"No currency should be able to buy the same basket of goods over very long timespans through hoarding."
This is a line that people who have been infected with Keynesian brain rot like to trot out. In fact, it is one of the cornerstones of their convoluted economic theory and drives central bank policy decisions around the world. The ability of money to increase in purchasing power over time has been made impossible due to the fact that central banks have a baked in inflation target that they use to create "price stability". It's weird that Nick Maggiulli thinks he's providing the world with a "hot take" because what he's saying is conventional wisdom in mainstream economics today.
This has been one of the most effective psychological operations that has ever been conducted on the public in human history. The high priests of central banking started running with this narrative and people have come to believe that it is a law of physics. Economies cannot operate efficiently unless there is a steady flow of new monetary units being created and introduced to the economy. If new monetary units aren't being created people will hoard their money and grind the economy to a halt.
Unfortunately for humanity, the normalization of this line of thinking has led to the wholesale debasement of people's purchasing power. Especially those who do not have enough money or access to store their wealth in the financial and real estate assets that benefit from the flows produced by monetary base expansion. The policy of targeting a steady rate of inflation to induce "price stability" has widened the gap between the haves and the have nots, which is the root cause of many of the stresses that plague our world today yet are commonly misdiagnosed as being caused by partisan politics or corporate greed.
The reality is, "hoarding" money, otherwise known as saving money, is not detrimental to economic growth. In fact, it is an accelerant for economic and productivity growth over the long run because when humans are forced to think more strategically about capital allocation and opportunity costs they tend to make better investment decisions that result in an increase in the quality of goods and services that are ultimately delivered to the market. The increase in quality goods and services leads to others being able to leverage those goods and services to do more productive things throughout the economy.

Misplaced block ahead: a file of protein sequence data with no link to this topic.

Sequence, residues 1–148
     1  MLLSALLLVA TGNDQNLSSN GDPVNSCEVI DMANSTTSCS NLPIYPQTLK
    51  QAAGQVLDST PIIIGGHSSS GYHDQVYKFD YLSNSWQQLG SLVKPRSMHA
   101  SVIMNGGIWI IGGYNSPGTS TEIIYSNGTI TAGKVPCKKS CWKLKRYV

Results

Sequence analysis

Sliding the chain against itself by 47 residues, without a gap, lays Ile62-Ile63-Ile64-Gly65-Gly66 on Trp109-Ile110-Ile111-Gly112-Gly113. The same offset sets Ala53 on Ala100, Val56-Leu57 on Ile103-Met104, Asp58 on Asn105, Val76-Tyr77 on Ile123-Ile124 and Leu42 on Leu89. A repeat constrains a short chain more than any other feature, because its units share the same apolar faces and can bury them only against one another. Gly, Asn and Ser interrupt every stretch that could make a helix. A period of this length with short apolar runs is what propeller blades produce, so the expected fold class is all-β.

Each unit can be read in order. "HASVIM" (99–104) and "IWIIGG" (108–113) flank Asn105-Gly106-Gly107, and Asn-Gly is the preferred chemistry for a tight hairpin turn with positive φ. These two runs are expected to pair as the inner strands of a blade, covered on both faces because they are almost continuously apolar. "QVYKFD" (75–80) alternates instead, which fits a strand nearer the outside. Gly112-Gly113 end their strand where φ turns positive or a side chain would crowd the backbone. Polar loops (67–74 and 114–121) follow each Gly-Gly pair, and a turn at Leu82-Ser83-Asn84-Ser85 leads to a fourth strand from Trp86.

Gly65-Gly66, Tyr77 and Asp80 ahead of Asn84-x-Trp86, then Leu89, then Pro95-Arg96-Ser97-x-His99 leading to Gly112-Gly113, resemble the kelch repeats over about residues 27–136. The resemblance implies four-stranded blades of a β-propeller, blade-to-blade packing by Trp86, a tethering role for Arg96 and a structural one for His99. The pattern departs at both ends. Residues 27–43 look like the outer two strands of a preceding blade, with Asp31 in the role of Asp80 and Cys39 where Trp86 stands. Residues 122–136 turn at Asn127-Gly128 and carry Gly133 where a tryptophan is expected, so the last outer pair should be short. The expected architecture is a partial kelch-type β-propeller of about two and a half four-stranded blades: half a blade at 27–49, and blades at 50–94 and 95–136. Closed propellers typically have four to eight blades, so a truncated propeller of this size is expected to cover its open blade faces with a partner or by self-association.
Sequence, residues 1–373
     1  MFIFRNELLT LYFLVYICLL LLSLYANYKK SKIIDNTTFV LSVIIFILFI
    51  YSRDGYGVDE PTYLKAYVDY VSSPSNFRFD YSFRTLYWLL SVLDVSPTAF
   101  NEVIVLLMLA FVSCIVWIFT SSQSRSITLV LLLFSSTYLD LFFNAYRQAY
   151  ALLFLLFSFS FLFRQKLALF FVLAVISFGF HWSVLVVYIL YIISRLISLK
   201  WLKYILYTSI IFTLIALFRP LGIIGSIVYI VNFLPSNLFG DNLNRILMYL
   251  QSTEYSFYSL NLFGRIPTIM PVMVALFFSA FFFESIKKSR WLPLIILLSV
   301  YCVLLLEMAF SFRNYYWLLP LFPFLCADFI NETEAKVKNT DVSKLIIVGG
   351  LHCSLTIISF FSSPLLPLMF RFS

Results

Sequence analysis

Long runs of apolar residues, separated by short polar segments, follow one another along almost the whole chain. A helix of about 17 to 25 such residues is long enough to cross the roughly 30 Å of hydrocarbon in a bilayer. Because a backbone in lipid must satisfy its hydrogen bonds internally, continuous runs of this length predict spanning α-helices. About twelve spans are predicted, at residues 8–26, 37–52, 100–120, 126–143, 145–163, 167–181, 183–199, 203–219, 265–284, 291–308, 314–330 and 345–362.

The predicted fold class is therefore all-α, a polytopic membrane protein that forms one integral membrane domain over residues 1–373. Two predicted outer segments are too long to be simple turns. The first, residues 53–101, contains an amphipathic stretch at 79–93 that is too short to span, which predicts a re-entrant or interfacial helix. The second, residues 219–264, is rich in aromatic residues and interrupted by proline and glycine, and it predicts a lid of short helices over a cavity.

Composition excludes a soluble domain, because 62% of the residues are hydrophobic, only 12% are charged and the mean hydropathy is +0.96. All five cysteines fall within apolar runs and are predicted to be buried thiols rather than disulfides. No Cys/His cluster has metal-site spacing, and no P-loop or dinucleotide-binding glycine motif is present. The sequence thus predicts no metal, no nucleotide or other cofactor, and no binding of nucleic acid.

Beyond this, the idea that saving money leads to stagnation throughout the economy is based on the assumption that each individual actor within the economy is operating on the same timeline with the same information. This notion is completely ludicrous. People have different needs, different wants, and different balance sheets at any given point in time. On top of that, they have access to different information that would affect their investment decisions, the timing of those decisions and how much capital they decide to put to work. When push comes to shove, people are going to dig into their savings to buy a new car, do repairs on their home, go to the grocery store, or start a new business. They are not going to "hoard" their money at the detriment of their quality of life.
Furthermore, those who save money and keep it out of circulation are increasing the purchasing power of that money for everyone else, which will inevitably tip the scale for an individual who is thinking about starting a new company that provides certain goods and services to the market that are needed. The economy isn't some monolithic actor. It is the combination of billions of individual actors who make decisions based off of their individual needs, wants and their capacity to act at a particular point in time.
"Hoarding" is a Keynesian slur that is used to trick people into believing that saving their money in an attempt to give themselves optionality in the future is a bad thing. When in reality the exact opposite is true. It is a very good thing. Keynesian policy is the actual scourage on the planet. It takes away the individual's ability to effectively save their purchasing power over time, which reduces the optionality they have in the future. That reduced optionality leads to enormous stress and despair for the Common Man.
Thank God for the rain in Austin this week.